Seven things to Google before the baby arrives (or, what we wish we’d known two months ago)

If you’re anything like us (and a fair number of our new-parent buddies), you spent nine months obsessively checking pregnancy symptoms, dietary and lifestyle advice online and…sort of forgot that at the end of the process there would be a tiny human with all sorts of different needs now he or she is on the outside. Research alone can’t prepare anyone for the physical and emotional whirlwind that a newborn brings – but reading up on these essentials now will stop you having to Google them one-handed on your phone with a screaming infant in the other hand when the trying times strike. I’ve included a link for each item so you won’t need to yell search terms to your other half over the racket. Don’t say I’m not good to you.

1. Cluster Feeding

To understand what evenings with a newborn are like, Google this faintly tawdry-sounding term. You may have heard something manageable-sounding about 2-3 hour feeding intervals; and for most new babies, most of the time, that’s the rough sort of pattern they’ll fall into left to their own devices. Come the evening, however, you may need to adjust your expectations and find a really, really comfy seat, because you’re likely to be on it for several hours. Plan to eat dinner between hourly feeds, and expect ‘hourly’ to manifest as ‘every forty minutes’ sometimes (especially during growth spurts). is a good page on how to deal with the evening cluster.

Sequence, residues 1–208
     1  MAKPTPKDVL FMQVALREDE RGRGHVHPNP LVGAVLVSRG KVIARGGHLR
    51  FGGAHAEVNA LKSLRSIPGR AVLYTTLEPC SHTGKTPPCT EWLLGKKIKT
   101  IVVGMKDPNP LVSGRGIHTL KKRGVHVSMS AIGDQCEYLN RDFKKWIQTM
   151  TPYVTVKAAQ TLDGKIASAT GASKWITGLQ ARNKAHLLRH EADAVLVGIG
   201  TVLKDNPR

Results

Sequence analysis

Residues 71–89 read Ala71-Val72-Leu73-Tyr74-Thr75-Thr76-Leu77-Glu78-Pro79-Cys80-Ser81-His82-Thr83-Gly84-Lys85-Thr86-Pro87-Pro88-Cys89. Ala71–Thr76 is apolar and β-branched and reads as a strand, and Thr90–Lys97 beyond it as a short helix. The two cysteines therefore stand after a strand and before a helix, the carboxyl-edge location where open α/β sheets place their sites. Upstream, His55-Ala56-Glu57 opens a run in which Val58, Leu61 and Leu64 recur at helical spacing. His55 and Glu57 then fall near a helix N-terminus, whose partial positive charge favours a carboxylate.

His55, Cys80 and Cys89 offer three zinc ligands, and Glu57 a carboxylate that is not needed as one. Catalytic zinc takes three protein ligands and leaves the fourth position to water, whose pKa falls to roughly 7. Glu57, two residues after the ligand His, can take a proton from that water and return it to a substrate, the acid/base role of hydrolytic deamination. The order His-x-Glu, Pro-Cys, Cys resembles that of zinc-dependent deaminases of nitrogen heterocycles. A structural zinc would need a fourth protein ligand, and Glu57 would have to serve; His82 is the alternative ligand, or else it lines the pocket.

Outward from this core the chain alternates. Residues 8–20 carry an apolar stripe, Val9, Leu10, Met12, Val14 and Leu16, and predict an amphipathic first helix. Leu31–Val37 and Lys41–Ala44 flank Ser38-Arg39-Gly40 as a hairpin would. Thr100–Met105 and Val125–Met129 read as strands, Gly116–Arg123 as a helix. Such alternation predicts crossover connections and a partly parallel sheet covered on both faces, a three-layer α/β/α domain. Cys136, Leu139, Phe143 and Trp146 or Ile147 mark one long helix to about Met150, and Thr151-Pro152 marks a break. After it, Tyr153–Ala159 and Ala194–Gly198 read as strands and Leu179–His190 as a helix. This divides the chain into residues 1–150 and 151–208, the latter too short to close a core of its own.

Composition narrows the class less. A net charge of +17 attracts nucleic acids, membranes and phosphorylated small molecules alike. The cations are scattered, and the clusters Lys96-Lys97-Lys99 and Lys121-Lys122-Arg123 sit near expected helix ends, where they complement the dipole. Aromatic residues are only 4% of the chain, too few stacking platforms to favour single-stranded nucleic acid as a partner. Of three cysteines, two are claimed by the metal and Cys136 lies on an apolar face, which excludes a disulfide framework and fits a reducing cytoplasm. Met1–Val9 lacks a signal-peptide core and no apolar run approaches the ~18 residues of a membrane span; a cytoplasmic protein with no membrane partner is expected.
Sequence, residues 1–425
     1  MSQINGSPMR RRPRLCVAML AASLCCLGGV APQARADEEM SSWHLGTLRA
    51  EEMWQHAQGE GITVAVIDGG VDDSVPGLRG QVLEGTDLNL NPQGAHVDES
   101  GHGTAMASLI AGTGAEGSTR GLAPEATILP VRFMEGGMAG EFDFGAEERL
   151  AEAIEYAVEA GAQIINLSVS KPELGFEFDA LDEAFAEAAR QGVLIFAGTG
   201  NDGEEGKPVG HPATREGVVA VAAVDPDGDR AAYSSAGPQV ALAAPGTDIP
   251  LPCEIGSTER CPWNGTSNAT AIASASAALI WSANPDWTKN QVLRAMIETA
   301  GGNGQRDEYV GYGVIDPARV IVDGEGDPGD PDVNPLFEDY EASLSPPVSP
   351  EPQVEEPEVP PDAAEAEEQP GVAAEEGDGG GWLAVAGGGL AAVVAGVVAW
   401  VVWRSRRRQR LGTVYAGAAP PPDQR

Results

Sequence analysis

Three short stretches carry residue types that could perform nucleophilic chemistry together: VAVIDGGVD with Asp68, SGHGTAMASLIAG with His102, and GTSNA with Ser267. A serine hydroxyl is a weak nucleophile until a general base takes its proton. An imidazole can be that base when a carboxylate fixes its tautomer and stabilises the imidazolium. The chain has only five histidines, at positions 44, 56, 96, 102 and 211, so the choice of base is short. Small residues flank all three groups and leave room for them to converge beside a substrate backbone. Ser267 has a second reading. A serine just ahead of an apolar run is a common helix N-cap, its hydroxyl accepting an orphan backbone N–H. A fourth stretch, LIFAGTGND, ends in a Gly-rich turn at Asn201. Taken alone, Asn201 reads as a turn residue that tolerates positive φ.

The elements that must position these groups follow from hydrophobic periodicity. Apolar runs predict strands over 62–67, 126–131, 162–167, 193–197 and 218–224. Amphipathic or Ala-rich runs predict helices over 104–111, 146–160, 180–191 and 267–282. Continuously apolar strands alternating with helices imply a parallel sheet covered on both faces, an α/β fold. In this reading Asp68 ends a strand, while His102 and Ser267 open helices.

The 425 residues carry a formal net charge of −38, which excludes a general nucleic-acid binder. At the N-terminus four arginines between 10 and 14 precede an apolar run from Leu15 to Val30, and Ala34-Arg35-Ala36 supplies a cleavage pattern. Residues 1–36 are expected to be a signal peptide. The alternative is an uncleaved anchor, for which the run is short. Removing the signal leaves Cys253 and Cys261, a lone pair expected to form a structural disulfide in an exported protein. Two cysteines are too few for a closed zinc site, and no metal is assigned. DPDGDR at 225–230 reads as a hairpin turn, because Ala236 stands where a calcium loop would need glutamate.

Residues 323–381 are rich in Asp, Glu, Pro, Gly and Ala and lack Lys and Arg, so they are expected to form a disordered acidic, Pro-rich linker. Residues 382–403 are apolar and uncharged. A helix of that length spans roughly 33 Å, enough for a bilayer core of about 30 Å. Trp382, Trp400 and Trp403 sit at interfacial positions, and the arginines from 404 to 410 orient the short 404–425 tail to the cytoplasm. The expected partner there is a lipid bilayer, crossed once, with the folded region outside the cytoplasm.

2. Witching Hour (aka ‘fussy evenings’)

Closely related to the above, the witching hour is the time each evening your otherwise peaceful, happy baby goes a bit mental and cries at the drop of a hat (or the slam of a bin lid, or the smell of your dinner, or absolutely nothing at all, she was just fine literally ten seconds ago). If you’re lucky, this will take place at a predictable time each evening and last an hour or thereabouts. If you’re unlucky, you may need to Google ‘coping with colic’ as well. Cluster feeding (above) may help. has some good advice.

3. How to hand express milk

Even if you’re planning to bottle-feed you’ll need to know this for when your milk comes in; if you continue breastfeeding then this is a good thing to know for dealing with pre-feed engorgement. You probably won’t be able to practise ahead of time unless you have large amounts of colostrum unusually early, but check out the theory before the big day and get ready to hand pump.

See for useful tips. Here’s how to store milk once you’ve expressed it:

4. What a good latch looks like

I mentioned here that it’s difficult to really get a feel for how to feed an actual real live infant before coming into the possession of an actual real live infant (those dolls really just don’t cut it), but forewarned is forearmed and it’s good to to be aware of some of the dos and don’ts before somebody hands you one that’s expecting to be fed.

There are bajillions of videos online, but for the pure mechanics of the thing see

5. The different baby cries

In truth, a very young baby has one cry, the cry that says ‘I’m a newborn!’ loudly and urgently at all times of day and night (newborns don’t know what day or night are). But after a few weeks, you’ll find it useful to know the difference between the tired cry, the hungry cry, the wet-nappy cry and the ‘miscellaneous – other’ cry (we’re still working out what to do about that one).


6. The Cuddle Cure (aka The Five Ss)